En EspaŅol

Q. Who is Mr. Smarty Plants?

A: There are those who suspect Wildflower Center volunteers are the culpable and capable culprits. Yet, others think staff members play some, albeit small, role. You can torture us with your plant questions, but we will never reveal the Green Guru's secret identity.

Help us grow by giving to the Plant Database Fund or by becoming a member

Did you know you can access the Native Plant Information Network with your web-enabled smartphone?

Share

Ask Mr. Smarty Plants

Ask Mr. Smarty Plants is a free service provided by the staff and volunteers at the Lady Bird Johnson Wildflower Center.

Search Smarty Plants
    
 
See a list of all Smarty Plants questions
Can't find the answer in our existing FAQs, submit a question to Mr. Smarty Plants.
Need help with plant identification, visit the plant identification page.
 
rate this answer
Not Yet Rated

Friday - May 29, 2009

From: Livingston, NJ
Region: Mid-Atlantic
Topic: Non-Natives, Pruning, Trees
Title: Pruning smoketree in New Jersey
Answered by: Barbara Medford

QUESTION:

How far from ground level do I prune a relatively young Smoke tree to get the bush effect?

ANSWER:

This is a classic example of really needing the Latin name for a plant, because common names can be given to totally different plants in different places. We started out by looking in our Native Plant Database for "smoke tree" or "smoketree." First, we looked at  Cotinus obovatus (American smoketree), which, of course, in Texas we call a "Texas Smoketree." This tree only occurs in a few Southern and Southwestern states and is not shown in the USDA Plant Profile as appearing in New Jersey at all. Next on the natives list was Psorothamnus spinosus (smoketree), which is hardy to USDA Zones 9 to 11, common to desert washes of southern part of California, Arizona and Baja California. Spiny, nearly leafless shrub or small tree and is also known under the synonym Dalea spinosa. Scratch that one. Not only is it really not an ornamental you would be interested in raising, but it would probably freeze to death by October in New Jersey.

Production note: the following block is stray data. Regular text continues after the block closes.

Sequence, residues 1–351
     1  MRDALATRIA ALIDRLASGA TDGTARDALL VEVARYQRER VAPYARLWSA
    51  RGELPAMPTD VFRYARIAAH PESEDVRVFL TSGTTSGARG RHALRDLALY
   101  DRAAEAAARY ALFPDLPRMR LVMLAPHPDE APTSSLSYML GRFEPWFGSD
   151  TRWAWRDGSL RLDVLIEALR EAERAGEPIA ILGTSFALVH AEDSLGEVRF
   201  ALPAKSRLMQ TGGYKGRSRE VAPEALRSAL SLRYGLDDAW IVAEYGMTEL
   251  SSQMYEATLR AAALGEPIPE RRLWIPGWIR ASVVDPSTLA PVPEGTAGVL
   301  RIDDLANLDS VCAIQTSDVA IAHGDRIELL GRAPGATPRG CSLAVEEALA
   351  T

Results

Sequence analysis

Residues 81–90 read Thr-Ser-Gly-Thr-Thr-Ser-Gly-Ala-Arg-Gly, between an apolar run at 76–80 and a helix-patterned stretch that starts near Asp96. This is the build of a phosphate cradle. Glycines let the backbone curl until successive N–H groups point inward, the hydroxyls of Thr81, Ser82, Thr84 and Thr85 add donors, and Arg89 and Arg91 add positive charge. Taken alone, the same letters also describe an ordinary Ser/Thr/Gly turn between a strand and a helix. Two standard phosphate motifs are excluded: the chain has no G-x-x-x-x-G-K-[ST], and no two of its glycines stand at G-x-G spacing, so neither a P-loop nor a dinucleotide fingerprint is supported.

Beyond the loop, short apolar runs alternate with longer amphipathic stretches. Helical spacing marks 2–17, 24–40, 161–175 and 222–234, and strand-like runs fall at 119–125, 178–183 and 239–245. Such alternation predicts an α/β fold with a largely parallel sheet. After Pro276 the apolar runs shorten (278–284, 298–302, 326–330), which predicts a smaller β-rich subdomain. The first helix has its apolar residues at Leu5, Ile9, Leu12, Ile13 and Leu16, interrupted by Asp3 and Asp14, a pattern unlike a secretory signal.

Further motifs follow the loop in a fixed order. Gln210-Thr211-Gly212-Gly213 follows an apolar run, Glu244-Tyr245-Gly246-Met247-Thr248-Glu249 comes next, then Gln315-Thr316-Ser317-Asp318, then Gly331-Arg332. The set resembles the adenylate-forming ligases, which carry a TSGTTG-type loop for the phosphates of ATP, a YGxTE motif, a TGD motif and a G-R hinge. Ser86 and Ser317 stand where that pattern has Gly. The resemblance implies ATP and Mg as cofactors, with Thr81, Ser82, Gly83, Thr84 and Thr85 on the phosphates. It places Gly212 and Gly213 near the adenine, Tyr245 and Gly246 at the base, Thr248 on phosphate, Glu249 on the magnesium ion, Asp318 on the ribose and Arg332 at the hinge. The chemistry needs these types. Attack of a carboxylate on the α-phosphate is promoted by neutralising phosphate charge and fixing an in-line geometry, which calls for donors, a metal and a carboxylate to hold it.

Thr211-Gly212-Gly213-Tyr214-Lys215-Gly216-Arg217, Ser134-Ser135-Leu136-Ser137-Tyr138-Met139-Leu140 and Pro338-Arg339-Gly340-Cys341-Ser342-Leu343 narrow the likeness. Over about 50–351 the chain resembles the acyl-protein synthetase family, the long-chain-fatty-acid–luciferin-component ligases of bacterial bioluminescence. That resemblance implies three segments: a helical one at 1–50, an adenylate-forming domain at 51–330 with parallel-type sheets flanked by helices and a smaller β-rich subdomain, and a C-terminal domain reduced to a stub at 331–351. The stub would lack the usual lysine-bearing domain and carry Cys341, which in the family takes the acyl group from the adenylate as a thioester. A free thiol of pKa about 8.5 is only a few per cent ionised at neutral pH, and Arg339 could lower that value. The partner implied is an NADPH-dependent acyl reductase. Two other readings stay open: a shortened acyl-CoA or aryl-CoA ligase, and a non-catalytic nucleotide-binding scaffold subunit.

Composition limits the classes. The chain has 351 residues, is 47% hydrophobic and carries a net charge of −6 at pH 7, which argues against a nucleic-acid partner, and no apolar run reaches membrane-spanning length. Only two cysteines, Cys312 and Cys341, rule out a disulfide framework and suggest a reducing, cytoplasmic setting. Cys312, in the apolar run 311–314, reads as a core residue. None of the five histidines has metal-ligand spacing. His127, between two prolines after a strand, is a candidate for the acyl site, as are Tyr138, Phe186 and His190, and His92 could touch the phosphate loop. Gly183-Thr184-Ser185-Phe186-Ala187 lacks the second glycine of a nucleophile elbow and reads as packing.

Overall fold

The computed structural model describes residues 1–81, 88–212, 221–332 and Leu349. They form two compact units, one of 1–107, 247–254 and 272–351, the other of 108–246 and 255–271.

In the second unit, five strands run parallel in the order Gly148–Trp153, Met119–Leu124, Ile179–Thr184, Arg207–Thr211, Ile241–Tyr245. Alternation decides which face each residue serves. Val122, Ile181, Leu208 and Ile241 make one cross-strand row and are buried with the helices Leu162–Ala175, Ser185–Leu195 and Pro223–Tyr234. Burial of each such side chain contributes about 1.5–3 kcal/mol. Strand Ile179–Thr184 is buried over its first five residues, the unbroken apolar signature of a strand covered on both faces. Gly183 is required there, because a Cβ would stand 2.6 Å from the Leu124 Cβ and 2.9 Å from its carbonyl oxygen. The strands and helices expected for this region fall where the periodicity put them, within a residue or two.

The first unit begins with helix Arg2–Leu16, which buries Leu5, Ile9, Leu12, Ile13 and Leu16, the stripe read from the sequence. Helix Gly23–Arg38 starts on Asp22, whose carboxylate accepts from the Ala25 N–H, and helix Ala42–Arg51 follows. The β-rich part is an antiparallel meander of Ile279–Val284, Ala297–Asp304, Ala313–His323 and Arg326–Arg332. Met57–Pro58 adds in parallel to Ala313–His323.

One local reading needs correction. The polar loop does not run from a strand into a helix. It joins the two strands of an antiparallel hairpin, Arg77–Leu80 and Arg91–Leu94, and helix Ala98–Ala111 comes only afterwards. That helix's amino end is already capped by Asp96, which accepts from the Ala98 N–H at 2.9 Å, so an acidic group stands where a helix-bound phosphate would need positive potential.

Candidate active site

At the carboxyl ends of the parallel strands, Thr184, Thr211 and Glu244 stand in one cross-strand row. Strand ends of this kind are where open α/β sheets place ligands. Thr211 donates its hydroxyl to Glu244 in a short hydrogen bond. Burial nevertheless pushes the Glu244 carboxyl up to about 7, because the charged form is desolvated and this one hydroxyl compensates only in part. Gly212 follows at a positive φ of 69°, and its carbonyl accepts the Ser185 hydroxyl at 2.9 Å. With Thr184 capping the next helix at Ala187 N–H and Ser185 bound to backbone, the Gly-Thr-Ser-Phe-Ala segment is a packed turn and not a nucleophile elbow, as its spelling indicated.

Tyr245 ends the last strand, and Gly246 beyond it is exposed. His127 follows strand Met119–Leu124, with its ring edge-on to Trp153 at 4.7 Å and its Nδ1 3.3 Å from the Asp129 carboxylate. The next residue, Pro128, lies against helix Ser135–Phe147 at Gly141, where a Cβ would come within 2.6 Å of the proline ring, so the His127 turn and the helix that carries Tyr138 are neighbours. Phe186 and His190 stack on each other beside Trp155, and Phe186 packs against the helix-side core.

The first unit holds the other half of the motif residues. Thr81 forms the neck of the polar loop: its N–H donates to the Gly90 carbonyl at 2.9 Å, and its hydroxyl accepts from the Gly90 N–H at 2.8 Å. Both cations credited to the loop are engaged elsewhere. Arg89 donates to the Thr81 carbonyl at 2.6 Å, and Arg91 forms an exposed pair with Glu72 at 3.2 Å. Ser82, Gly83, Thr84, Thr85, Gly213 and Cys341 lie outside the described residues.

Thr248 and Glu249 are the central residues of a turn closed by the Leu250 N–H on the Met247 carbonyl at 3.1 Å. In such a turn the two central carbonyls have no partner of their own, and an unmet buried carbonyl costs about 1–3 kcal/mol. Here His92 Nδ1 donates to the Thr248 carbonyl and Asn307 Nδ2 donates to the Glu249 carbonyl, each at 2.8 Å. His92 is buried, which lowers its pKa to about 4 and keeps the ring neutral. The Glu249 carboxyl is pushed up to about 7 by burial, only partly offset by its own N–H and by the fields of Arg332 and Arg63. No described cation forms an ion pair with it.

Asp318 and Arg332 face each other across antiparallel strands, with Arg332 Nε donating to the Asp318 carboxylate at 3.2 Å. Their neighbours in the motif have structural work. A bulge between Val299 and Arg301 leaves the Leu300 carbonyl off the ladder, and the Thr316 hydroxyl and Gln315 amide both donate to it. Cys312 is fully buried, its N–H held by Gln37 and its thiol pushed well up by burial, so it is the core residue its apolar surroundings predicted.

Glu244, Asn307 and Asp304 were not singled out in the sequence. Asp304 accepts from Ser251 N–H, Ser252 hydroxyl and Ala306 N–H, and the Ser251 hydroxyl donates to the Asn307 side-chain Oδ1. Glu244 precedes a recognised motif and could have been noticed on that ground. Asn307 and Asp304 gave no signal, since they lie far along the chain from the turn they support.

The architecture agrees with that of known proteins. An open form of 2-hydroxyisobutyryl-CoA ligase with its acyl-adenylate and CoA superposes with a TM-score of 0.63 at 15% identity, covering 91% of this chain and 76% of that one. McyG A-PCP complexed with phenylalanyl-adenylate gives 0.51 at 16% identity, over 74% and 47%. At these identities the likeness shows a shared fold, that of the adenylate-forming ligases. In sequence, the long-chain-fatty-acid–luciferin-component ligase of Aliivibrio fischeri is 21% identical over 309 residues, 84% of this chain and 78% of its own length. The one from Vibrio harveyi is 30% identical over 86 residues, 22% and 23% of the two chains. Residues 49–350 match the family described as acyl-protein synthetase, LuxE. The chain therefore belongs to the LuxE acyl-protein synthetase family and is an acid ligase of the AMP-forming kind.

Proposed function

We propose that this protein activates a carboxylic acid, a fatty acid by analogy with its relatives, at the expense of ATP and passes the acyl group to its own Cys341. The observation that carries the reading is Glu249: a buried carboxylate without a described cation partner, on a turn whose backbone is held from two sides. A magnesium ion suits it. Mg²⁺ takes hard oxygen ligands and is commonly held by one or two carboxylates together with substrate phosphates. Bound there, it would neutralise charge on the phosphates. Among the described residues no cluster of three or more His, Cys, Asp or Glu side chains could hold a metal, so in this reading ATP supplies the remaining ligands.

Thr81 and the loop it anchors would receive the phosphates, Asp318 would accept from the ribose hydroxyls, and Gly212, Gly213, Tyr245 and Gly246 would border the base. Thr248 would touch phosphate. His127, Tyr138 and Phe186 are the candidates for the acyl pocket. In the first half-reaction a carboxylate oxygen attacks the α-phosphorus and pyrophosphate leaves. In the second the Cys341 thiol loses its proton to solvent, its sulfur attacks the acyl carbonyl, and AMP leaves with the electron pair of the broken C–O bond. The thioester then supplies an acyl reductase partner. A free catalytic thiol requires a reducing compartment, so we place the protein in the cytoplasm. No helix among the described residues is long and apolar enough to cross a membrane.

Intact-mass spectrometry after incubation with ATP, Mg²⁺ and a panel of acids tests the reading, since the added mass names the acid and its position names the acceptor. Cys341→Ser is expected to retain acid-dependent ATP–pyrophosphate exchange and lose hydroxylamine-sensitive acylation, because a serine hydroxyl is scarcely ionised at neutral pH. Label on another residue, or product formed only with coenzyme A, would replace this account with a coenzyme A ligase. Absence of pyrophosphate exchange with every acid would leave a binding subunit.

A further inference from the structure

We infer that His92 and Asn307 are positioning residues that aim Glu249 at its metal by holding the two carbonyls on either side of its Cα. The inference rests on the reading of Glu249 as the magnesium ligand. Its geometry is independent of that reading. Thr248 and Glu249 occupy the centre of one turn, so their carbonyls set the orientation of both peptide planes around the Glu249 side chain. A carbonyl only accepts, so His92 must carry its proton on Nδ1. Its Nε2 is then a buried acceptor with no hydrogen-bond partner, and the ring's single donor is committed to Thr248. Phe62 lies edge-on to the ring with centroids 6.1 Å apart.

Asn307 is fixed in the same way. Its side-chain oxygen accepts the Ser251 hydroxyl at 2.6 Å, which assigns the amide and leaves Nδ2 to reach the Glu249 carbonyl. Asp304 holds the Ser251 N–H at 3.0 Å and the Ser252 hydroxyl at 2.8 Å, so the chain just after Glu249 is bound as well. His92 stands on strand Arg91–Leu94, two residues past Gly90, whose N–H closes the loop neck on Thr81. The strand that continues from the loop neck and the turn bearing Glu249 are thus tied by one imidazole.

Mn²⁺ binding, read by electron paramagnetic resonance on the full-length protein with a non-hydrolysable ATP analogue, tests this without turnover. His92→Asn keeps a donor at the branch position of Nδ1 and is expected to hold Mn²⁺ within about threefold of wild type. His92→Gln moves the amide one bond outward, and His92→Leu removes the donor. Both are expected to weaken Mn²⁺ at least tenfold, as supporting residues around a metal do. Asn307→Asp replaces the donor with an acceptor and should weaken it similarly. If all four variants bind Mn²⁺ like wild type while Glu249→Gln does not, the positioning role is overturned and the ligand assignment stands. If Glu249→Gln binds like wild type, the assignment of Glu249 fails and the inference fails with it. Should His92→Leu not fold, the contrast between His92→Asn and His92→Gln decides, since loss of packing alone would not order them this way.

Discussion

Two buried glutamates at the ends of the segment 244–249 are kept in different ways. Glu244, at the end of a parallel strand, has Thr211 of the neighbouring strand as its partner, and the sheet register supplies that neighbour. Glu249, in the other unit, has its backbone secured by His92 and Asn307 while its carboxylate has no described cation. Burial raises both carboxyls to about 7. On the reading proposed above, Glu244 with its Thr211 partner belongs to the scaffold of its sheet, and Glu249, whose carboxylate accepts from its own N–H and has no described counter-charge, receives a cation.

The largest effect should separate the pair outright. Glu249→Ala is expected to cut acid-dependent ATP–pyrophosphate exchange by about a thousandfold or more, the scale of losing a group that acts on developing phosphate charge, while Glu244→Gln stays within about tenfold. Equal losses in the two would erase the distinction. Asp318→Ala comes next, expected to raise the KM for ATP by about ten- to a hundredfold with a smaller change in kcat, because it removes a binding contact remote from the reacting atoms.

Since those were the only two plants known by that common name in our database, we went Googling and found Cotinus coggygria, (Smoke tree) which is native to Southern Europe and Central China, and is hardy to Zone 5 or a protected spot in Zone 4. Since a non-native is out of our range of expertise, we found this  Floridata site which can give you more complete information. As it is in the same genus, Cotinus, as the native listed above, you would probably be safe in just letting it develop naturally. It actually would take pruning to keep it from appearing bush-like. They usually develop multiple trunks, with leafing no more than 2 feet above the soil. Refer to these Images for more guidelines on how the bush grows.


Cotinus obovatus

Cotinus obovatus

Psorothamnus spinosus

Psorothamnus spinosus

 

 

More Non-Natives Questions

Can non-native star jasmine attract snakes?
May 16, 2010 - I have star jasmine climbing up my house. Can it attract snakes?
view the full question and answer

Deer resistant plants for Trinity, TX
March 23, 2013 - I need a list of deer resistant flowers, herbs and plants that would could be planted in Trinity, Texas.
view the full question and answer

Non-native Chamaedorea cataractarum question from Somerset MA
February 12, 2010 - I have a Chamaedorea Cataractarum palm and I was wondering what a clumping palm is. From what part of the plant do the new fronds emerge? Was trying to look all over the web but can't find it. If you...
view the full question and answer

Non-native photinias in Monroe NY
April 11, 2012 - Two Questions: Is the weather too cold to plant red tip photinias in Monroe NY? What is a good alternative evergreen shrub to hide chain link fence?
view the full question and answer

Trimming time for non-native Pampas grass in Leland NC
April 26, 2010 - When is the best time to trim Pampas plants, onset of winter or onset of spring? Also, what's the best way to trim and how far should they be cut back?
view the full question and answer

Smarty Plants's Facebook profile Support the Wildflower Center by Donating Online or Becoming a Member today.

Mr. Smarty Plants wants you to be his Facebook friend. Click the Facebook icon to add yourself to Mr. Smarty Plants list of friends.
E-NEWSLETTER | BECOME A MEMBER | DONATE NOW | MEDIA | SITEMAP
© 2014 Lady Bird Johnson Wildflower Center